As inflation hit a fresh 40 year high, the cabinet minister said it showed the need to take a “firm line” with the union, telling Sky News there was a risk of a “vicious cycle” of rising wages pushing inflation even higher.
Ashley Cowburn reports
Tube lines operating but with severe delays
The London Underground is slowly coming back to life this morning, with more lines back up and running again – but most are operating with severe delays.
The Bakerloo, District, Hammersmith & City, Jubilee, Metropolitan and Piccadilly lines all have severe delays; the Central line has minor delays.
The London Overground is part suspended and operating with severe delays.
The Circle line is still suspended.
Tube lines still suspended across London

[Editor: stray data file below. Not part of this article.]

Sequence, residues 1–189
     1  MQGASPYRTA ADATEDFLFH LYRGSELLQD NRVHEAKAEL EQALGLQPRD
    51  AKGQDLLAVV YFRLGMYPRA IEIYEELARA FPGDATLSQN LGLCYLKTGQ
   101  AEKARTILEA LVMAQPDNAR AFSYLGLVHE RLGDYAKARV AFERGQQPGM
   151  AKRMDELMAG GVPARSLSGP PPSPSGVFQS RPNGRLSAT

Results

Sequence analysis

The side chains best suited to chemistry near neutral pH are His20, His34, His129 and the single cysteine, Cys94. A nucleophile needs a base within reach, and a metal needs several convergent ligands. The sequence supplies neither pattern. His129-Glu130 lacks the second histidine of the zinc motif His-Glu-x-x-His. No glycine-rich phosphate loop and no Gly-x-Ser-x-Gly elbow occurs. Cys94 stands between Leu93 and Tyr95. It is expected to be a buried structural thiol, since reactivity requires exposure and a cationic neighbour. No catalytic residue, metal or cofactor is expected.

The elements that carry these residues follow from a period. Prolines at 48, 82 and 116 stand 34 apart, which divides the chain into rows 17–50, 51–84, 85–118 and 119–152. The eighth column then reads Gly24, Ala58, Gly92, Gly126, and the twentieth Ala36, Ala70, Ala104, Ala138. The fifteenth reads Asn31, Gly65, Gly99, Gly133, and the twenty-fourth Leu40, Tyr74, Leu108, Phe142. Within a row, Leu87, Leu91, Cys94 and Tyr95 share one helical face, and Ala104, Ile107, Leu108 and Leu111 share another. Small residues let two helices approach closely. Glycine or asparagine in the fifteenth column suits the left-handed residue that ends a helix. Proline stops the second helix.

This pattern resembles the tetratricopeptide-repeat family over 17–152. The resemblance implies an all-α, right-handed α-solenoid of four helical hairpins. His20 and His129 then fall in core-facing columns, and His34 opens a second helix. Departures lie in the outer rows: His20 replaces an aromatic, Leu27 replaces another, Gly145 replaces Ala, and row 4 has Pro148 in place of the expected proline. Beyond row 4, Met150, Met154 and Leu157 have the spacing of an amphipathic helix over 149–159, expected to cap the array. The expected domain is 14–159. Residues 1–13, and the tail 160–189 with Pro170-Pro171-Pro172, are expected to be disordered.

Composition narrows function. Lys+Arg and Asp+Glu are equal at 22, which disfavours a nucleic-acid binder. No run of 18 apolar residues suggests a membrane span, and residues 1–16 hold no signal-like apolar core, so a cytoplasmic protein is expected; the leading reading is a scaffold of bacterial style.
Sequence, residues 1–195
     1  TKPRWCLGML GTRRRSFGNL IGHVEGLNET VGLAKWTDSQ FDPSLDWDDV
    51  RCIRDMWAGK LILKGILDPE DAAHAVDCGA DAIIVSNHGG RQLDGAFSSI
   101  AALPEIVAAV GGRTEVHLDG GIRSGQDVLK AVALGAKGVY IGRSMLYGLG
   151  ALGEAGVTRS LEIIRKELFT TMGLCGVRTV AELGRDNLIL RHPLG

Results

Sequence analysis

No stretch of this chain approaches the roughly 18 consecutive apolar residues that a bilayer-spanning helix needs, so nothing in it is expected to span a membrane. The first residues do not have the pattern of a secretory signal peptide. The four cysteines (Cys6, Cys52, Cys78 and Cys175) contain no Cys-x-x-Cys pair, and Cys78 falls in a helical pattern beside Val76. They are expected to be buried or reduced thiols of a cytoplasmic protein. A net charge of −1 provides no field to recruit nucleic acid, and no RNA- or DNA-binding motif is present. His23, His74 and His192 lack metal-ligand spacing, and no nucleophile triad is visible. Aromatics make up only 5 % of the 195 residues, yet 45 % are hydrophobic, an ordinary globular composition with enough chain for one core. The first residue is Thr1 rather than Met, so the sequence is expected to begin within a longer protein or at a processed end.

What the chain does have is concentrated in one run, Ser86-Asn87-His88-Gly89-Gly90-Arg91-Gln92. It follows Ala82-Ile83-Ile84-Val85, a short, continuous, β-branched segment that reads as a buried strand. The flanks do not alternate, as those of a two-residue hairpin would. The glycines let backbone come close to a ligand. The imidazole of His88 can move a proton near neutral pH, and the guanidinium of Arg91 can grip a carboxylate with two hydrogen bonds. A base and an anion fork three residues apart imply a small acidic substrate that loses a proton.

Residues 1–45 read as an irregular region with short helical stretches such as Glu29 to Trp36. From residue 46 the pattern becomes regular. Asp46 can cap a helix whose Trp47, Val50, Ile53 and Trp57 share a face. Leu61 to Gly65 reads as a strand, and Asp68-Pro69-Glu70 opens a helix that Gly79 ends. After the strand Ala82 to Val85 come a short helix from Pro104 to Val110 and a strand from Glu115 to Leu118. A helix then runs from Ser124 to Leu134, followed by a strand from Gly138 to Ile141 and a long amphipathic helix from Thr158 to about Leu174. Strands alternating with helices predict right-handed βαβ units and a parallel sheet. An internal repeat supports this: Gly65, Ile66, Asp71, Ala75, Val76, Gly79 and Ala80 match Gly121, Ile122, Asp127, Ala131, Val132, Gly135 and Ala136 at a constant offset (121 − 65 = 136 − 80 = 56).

Most Tube lines are still suspended or experiencing severe delays across London this morning.
The Circle, District, Hammersmith & City and Metropolitan lines are suspended; the Piccadilly line and London Overground are part suspended.
The Bakerloo, Central and Jubilee lines have severe delays.
The Northern and Victoria lines are operating a good service, alongside the Waterloo & City line, Elizabeth line and the DLR.
How can I get around London this morning?
A widespread strike by Transport for London workers saw the Tube network shut across the city yesterday.
Disruption is expected to continue until mid-morning today.
TfL is advising customers to “avoid making Tube journeys until mid-morning” as “disruption is likely to continue”; no Tube services will run before 8am.
But if you do have an essential journey, how can you get around London this morning?
From buses to bikes to boats, here’s our essential guide:
Boris Johnson warned against ‘race to bottom on pay’
Unions have accused Boris Johnson of pursuing a “race to the bottom” on pay, as the prime minister set the scene for months of confrontation with striking workers.